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Turkey - Protest letter, drafted by CIWF

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  • Franck Michel
    Date: Thu, 12 Jan 2006 11:25:58 -0000 From: hecal_2000 Subject: Re: Chicken buried alive - Protest letter, drafted by CIWF Below is a
    Message 1 of 1 , Jan 13, 2006
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      Date: Thu, 12 Jan 2006 11:25:58 -0000
      From: "hecal_2000" <hecal_2000@...>
      Subject: Re: Chicken buried alive - Protest letter, drafted by CIWF

      Below is a draft letter which can be sent to the Turkish embassy in
      your country as well as to the Turkish OIE delegate, Dr Nihat Pakdil


      Dr Nihat Pakdil
      Director General
      Ministry of Agriculture and Rural Affairs
      General Directorate of Protection and Control
      Esat Caddesi. No 3 - 06100 Bakanliklar
      Ankara

      For a briefing on avian flu please consult CIWF's web page on:
      http://www.ciwf.org.uk/home/Avian%20Flu%20Concern%20Page.htm

      ==============================
      Dear

      I write on behalf of Compassion in World Farming to urge the Turkish
      government to ensure that avian influenza outbreaks are managed
      swiftly, efficiently and humanely. Turkey has agreed, as a member
      country of the World Organisation for Animal Health (OIE), to comply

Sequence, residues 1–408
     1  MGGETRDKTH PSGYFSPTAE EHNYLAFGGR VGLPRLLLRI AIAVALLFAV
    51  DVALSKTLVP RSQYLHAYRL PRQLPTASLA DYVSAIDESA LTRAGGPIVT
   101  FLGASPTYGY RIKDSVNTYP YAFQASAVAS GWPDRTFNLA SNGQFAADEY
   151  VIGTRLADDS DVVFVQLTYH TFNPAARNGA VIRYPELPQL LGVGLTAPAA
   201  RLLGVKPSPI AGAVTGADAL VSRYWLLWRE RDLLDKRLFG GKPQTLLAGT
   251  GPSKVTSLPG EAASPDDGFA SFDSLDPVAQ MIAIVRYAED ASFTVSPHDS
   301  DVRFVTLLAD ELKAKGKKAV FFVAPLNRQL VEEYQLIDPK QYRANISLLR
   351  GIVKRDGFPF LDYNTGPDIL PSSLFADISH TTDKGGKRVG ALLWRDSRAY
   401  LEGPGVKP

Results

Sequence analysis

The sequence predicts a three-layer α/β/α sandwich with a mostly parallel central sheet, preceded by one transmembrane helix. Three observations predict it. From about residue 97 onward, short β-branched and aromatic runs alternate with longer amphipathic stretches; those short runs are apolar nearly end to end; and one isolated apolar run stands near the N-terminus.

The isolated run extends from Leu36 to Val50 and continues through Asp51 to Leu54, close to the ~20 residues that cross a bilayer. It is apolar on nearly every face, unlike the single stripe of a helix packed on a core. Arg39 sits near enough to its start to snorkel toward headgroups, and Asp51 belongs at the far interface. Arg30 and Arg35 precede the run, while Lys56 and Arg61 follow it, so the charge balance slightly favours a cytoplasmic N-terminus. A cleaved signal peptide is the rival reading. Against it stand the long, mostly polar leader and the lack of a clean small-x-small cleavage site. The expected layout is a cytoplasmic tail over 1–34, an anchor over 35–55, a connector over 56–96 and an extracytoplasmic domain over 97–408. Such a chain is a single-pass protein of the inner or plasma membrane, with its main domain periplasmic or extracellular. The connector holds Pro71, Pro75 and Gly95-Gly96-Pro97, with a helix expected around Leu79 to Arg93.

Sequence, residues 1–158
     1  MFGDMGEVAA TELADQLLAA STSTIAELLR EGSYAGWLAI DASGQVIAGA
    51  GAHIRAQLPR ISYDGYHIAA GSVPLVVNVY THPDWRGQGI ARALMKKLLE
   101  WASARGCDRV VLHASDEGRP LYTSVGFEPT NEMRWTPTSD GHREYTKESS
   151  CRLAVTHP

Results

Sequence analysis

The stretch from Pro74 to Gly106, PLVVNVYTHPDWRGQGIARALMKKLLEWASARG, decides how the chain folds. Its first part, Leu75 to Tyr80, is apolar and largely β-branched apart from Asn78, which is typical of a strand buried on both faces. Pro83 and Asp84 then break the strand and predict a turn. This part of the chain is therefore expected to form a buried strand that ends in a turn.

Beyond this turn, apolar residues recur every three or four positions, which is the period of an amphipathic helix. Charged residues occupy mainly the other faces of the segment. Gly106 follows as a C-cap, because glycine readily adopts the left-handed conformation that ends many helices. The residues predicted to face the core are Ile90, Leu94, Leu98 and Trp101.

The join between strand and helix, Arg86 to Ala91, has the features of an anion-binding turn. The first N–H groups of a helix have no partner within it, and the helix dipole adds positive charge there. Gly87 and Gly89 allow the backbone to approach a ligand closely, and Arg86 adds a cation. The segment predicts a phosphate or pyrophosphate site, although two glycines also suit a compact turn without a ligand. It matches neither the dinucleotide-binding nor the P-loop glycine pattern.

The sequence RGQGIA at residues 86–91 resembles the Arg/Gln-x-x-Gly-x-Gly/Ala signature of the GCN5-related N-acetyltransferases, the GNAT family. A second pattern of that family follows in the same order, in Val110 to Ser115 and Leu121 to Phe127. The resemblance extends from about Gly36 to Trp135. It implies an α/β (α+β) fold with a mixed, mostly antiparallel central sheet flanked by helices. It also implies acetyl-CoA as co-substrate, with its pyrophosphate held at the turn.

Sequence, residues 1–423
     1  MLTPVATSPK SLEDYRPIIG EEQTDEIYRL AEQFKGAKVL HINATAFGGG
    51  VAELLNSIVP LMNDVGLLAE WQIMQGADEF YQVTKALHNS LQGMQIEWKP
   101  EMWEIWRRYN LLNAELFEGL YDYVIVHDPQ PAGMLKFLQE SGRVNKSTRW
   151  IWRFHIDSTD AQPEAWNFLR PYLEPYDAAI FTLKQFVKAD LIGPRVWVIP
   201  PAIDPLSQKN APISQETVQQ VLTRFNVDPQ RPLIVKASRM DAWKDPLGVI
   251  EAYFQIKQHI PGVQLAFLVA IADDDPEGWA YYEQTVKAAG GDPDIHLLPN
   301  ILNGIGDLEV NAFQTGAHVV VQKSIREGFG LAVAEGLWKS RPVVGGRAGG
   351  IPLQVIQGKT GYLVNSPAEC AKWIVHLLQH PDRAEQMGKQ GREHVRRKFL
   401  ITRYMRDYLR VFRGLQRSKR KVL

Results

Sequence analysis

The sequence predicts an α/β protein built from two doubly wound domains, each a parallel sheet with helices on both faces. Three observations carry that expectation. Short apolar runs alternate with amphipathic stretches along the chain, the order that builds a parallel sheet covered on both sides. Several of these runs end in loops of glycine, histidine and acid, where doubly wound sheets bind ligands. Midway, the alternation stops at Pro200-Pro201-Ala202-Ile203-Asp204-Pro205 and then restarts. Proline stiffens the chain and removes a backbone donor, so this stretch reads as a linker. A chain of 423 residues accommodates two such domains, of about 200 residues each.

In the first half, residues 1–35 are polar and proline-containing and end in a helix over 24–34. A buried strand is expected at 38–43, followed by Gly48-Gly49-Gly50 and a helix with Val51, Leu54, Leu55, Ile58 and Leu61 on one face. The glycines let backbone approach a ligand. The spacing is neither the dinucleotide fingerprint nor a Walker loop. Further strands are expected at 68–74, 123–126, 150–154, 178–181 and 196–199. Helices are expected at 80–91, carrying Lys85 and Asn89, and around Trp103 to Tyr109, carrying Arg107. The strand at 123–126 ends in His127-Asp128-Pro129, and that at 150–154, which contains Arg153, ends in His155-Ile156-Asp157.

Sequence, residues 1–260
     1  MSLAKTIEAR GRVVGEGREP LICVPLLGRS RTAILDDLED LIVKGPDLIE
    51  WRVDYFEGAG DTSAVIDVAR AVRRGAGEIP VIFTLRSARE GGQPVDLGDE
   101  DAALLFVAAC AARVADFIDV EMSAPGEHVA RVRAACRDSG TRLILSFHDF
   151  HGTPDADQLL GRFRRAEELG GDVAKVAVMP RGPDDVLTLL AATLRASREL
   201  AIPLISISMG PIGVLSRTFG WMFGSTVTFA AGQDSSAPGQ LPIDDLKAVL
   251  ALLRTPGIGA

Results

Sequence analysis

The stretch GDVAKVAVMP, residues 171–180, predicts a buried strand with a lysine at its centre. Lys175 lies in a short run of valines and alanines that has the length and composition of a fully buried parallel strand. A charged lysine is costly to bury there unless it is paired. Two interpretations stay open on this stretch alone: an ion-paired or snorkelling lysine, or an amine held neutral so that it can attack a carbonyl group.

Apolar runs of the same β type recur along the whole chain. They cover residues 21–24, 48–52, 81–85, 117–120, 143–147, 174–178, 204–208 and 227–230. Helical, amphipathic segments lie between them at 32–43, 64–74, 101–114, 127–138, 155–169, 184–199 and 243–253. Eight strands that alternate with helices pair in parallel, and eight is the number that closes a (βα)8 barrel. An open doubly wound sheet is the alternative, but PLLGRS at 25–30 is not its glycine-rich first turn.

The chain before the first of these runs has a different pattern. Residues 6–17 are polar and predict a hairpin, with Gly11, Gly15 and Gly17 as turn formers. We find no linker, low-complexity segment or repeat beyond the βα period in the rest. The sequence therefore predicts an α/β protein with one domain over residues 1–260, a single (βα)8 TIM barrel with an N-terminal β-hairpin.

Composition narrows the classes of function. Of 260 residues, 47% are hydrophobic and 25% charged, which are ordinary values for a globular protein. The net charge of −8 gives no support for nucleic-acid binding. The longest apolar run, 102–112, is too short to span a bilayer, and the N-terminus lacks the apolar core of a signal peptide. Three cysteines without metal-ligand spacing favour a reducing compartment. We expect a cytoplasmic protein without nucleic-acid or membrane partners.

with the OIE's guidelines on Humane Killing for Disease Control. As
      the leading EU-based farm animal welfare organisation, we urge that
      effective planning and sufficient resources now be provided in order
      to ensure that any necessary culling is organised, with priority
      given to both public health and animal welfare.

      Repeatedly in the last week, media images of the management of avian
      influenza in Turkey have shown birds alive after being placed in
      bags, and live birds placed in with dead ones. This is in
      contravention of the OIE's guidelines, which require humane methods
      of killing to protect the animals from pain and distress. Animals
      should be killed instantly or stunned prior to being killed and
      remain unconscious until death. Professional veterinarians are
      required to oversee animal welfare aspects of the disease management
      plans and all staff must be trained and competent in humane
      slaughter, with appropriate equipment available.

      The need for veterinary oversight and clearly planned culls is not
      just an issue for animal welfare. Uncontrolled culling is recognised
      by reputable scientific committees, such as the European Food Safety
      Authority's Animal Health and Welfare Panel, as being likely to
      increase risk of disease transfer. Thus burying or burning of live
      birds should be absolutely prohibited for both animal and public
      welfare reasons. Handling of infected birds by the public without
      biosecurity measures and protective clothing will increase risk of
      avian influenza transmission, leading to major public health issues
      and potential for human deaths.

      In conclusion, Compassion in World Farming asks that sufficient
      resources and skilled personnel are provided to ensure that avian
      influenza outbreaks are managed swiftly, efficiently and humanely,
      within the agreed OIE guidelines on humane killing for disease
      control. The spotlight of the world is focused on Turkey's
      management of this crisis and we urge you to fulfil your obligations
      to minimise both animal and human suffering caused by this disease.

      Yours sincerely,


      Attachments:
      Print docs found at
      http://www.ciwf.org/publications/media_briefs/Media_Briefing_flu_slaughter.pdf
      http://www.oie.int/eng/normes/mcode/en_chapitre_3.7.6.htm




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